When Design Is Art

I was watching some of the events leading up to the 2018 Winter Olympics the other night, and observed the beautiful forms made while the skaters performed their ice dancing. And if you’d ever watched ice dancing, you know that it is not like other olympic endeavors. It takes immense skill and strength, no doubt, and supreme discipline—after years of effort and practice. But that’s just one facet of it. The other is the art it makes.

That’s right: it makes art. Right there in front of you, a performance like ballet. The forms, the shapes and colors, all done in performing just in that one occasion. Like watching a watercolor move across the paper in the succeeding brushwork, creating a picture.

Design can be art as well. Thing is, there’s just so much out there that is not art. Take consumer packages: most are merely functioning as information on the shelf, with little or no beauty to them. But every now and then you see a package that approaches a certain essence of perfection, letting your brain, through your eyes, see the art in it.

Like those ice dancers who show things like repetitive shapes and synchronized movements and lines, you’ll see the same things happen in the artful packages. The Microsoft folding mouse packaging above shows that. It’s so simple: it takes a simple shape and repeats it, inverted below, as a semi-revealing window. It shows how the mouse folds. Charles Eames couldn’t have done much better in designing his forms in furniture. The elegant lines of the mouse itself almost demanded a good design here, and the package designer did not disappoint.

Zealong’s tea packaging is a good example of using the name to inspire a shape: a diagonal in its dieline to emulate the “Z”. How simple and yet elegant this is. And the colors—just black and lime green—bring out the contrast to enhance that dieline.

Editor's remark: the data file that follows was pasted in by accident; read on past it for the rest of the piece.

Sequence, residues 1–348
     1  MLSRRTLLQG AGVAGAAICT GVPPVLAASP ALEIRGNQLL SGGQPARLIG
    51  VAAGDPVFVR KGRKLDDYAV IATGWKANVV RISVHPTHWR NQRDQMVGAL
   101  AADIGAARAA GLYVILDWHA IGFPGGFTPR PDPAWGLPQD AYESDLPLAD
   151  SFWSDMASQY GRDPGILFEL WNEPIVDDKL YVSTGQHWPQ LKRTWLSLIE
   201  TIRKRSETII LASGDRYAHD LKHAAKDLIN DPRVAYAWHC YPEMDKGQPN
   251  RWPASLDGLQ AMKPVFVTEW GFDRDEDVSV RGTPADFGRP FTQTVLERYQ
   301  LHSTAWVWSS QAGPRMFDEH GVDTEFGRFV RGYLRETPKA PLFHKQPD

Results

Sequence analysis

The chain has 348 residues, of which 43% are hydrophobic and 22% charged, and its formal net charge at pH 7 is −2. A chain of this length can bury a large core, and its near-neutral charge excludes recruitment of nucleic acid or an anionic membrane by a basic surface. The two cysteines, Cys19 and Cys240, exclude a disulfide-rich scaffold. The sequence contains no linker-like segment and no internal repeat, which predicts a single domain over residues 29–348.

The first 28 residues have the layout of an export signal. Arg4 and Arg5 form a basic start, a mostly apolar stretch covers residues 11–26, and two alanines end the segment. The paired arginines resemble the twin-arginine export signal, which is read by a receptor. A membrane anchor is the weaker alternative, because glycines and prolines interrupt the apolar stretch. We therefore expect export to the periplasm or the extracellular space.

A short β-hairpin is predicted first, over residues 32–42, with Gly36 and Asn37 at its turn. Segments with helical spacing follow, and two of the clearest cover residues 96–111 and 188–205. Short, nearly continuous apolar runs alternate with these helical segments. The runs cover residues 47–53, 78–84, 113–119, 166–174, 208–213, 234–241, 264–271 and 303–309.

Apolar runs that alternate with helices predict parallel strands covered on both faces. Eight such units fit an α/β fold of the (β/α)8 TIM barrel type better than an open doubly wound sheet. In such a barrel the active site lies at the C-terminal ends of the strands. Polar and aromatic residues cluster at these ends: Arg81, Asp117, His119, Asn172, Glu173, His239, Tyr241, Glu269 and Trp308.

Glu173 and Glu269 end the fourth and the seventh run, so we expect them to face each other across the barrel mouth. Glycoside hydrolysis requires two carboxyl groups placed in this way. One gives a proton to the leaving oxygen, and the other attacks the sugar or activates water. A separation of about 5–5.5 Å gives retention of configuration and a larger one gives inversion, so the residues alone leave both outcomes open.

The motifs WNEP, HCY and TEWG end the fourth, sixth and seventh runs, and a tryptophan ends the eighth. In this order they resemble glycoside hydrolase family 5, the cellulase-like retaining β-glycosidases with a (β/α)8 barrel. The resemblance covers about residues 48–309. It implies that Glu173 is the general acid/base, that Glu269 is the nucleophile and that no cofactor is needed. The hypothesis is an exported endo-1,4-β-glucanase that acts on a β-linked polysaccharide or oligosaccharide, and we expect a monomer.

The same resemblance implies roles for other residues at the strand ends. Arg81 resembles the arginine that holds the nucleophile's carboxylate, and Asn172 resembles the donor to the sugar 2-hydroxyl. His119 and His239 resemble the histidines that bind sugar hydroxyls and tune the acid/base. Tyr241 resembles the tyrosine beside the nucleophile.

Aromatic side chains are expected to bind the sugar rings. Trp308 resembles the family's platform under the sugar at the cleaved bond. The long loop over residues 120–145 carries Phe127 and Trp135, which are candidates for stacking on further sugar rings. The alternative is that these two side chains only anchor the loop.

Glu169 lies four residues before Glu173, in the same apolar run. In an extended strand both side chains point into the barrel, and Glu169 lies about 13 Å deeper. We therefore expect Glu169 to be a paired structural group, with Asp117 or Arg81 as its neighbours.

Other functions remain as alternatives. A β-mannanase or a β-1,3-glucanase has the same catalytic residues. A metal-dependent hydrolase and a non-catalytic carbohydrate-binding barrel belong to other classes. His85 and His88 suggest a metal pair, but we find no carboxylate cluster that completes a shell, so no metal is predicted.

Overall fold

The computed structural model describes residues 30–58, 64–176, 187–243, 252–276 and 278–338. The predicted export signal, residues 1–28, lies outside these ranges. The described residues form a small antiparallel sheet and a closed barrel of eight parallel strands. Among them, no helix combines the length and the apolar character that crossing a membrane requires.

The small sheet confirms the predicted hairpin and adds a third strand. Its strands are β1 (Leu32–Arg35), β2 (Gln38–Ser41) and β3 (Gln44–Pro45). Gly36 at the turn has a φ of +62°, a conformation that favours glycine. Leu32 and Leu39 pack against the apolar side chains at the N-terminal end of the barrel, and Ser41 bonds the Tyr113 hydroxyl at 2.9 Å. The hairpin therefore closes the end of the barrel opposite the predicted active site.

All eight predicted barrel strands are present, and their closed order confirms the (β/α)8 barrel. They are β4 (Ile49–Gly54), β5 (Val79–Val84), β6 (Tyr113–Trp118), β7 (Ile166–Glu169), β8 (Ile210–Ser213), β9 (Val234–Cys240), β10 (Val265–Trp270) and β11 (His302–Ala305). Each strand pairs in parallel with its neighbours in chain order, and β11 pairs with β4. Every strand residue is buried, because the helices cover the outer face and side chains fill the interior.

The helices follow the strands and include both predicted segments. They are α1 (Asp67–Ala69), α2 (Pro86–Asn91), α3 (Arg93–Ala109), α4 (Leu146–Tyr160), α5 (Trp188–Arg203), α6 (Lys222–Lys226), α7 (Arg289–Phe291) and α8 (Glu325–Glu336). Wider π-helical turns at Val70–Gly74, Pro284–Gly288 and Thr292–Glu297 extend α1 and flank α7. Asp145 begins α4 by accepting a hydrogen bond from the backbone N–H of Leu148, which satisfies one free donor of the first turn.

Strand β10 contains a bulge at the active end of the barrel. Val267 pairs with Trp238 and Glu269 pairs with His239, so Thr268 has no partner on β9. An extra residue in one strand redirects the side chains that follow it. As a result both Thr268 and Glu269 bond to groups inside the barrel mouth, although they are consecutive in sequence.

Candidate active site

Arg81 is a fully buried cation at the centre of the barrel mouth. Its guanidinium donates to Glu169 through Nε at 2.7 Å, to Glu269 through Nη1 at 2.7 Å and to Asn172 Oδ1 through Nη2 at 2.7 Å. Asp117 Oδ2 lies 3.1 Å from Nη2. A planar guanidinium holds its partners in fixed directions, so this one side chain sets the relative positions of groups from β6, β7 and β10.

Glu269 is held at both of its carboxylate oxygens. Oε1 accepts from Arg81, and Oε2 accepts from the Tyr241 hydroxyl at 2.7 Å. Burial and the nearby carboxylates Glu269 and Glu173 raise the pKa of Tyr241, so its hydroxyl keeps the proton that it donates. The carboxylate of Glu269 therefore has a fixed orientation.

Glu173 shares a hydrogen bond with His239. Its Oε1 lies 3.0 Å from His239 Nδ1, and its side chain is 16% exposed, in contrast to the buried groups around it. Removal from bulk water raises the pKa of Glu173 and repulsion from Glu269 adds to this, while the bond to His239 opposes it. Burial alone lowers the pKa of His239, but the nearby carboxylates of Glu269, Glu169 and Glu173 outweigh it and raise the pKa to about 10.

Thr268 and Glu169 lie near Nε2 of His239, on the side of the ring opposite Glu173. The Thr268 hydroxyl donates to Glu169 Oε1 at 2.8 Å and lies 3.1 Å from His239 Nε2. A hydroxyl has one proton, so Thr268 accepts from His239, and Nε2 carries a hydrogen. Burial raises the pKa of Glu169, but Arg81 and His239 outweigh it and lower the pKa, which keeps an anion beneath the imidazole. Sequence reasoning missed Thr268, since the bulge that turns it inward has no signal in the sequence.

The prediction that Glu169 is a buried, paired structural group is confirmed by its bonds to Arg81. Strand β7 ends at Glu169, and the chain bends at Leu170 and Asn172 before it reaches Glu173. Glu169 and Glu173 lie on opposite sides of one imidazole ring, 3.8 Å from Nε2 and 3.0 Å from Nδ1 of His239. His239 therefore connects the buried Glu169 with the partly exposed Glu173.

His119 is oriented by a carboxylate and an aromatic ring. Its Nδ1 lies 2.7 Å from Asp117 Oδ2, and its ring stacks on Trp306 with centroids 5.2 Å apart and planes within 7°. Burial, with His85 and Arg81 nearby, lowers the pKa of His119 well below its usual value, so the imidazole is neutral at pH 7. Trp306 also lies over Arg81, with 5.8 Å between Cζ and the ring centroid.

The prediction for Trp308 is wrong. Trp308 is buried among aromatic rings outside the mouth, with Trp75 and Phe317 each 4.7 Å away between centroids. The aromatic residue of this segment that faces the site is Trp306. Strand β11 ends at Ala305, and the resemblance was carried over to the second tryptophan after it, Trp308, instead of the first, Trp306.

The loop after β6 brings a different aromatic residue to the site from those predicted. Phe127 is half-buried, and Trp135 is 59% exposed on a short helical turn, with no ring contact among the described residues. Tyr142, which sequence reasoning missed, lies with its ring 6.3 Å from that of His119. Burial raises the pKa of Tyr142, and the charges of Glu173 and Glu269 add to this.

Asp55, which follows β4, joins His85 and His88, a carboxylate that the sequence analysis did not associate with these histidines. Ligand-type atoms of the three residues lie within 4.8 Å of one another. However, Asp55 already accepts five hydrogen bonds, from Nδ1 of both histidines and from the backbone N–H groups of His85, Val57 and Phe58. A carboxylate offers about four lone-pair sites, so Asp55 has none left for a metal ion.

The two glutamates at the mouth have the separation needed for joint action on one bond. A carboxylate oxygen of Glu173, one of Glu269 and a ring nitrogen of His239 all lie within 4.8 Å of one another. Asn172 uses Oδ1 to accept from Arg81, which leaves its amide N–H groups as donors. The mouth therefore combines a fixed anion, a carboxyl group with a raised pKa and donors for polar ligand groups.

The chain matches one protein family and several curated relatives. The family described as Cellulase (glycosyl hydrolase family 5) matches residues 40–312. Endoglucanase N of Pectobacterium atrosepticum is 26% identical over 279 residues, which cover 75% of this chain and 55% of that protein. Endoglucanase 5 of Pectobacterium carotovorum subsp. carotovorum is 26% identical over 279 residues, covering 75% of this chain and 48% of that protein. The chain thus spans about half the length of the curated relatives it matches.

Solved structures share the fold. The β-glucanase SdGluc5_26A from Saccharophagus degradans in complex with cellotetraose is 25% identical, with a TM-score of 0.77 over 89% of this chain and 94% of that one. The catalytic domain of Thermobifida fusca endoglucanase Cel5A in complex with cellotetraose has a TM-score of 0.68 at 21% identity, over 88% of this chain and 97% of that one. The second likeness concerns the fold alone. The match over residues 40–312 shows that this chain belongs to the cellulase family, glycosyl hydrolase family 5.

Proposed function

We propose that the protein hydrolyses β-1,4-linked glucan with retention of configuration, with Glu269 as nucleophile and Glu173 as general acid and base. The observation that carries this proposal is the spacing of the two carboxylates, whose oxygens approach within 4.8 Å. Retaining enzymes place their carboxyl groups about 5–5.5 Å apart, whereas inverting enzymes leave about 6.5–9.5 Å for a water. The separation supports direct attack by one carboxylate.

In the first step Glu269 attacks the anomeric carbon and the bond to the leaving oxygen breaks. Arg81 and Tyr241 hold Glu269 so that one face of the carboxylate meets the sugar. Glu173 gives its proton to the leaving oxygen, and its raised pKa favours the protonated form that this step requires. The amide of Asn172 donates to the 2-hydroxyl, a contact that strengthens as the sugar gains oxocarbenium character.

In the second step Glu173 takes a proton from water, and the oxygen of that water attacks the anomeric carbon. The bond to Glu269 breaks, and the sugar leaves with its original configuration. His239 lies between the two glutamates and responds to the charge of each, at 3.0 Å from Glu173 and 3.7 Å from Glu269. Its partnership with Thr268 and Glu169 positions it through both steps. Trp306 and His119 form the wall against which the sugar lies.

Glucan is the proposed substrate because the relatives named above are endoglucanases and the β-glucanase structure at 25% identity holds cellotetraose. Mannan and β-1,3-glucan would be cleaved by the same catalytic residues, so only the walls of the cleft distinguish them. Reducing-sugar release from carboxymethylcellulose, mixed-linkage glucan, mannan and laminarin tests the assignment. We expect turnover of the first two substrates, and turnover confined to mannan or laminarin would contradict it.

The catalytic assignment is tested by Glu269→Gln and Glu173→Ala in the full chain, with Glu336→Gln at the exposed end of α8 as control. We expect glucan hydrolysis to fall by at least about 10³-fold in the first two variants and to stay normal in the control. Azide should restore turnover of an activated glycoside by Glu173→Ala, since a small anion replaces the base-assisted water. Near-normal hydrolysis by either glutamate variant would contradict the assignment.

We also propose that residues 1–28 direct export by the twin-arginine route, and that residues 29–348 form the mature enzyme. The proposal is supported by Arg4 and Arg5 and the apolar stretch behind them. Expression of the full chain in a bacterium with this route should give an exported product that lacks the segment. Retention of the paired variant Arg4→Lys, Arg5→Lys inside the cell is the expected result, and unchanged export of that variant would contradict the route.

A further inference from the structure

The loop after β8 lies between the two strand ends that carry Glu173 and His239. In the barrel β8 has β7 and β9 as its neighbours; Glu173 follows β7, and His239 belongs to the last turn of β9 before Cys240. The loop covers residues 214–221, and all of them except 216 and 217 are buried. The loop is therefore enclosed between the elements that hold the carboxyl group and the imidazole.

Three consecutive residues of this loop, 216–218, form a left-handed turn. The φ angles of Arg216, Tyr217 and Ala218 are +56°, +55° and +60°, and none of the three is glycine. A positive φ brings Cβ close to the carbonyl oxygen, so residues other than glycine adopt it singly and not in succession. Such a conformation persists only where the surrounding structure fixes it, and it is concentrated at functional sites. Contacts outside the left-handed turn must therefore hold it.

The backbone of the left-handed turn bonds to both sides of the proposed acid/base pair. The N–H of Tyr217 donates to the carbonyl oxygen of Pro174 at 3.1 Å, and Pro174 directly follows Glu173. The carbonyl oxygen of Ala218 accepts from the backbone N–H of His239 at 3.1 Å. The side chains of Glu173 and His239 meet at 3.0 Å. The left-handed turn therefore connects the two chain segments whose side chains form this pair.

Maybe some companies need to look elsewhere for design inspiration the next time they want to redo their packaging. Maybe nature provides some input, like the shapes of leaves or flowers. Maybe it can come to a designer in the shapes of industrial items, like automobiles or furniture. Typography can be a source. Or maybe it can come from watching sports.

You can’t say those things of all packaging out there. Only a small percentage show it. That elegance, that shape, those lines. That art.

Please follow and like us:

First Impressions Mean More

Design is all about perception.

It all starts with a germ of an idea. A concept. But once a designer puts that idea to paper, sketching out his/her idea, it’s already changed. It’s evolved from a smidgeon of thought to a graphic entity. And that’s a translation the designer has now to grapple with.

But once that idea gets fleshed out, the designer has to make that idea have the kind of perception that denotes quality.

How do we perceive? By our senses, of course: seeing, hearing, feeling. We judge the value—the projected worth—of something by its appearance. We’ve often heard the adage, “Don’t judge a book by its cover.” But that no longer carries much weight.

Reason? Actually, here’s a few: 1) in the marketplace, we tend to associate worth with brand; Consumer Reports aside, brands carry a lot of equity with the buying public; 2) we live in a society where commercial reaction has been reduced to soundbites; regardless of the 15-second TV spot, repetition of an ad becomes rote; 3) Internet sales have eliminated the tactile sensation of handling an item before purchasing it: the silk tie, the wool sweater, the grip and feel of that new golf club.

Why do we buy item A instead of item B? In food packaging, marketers have come to appreciate the value of appetite appeal on the box, knowing that mom will be swayed more easily with a great photograph of that food.Other buyers may be tempted to try that boutique package instead, with hand-drawn type and a white, “pure’” background, thinking the item in that package is more organic or specialized.

But one thing is clear. Packaging a product is all about perceived value. Marketers will use terms like “upscale” to denote that the item has an affluent-based value.

When Steve Jobs was putting together his Apple Computer Company back some 35 years ago, one of his partners taught him the value of perceived quality. Mike Markkula instilled in Jobs that the total package was important, but essentially taught him that the package itself was at least as intrinsic to the perception of it as anything else. He never forgot it.

Please follow and like us: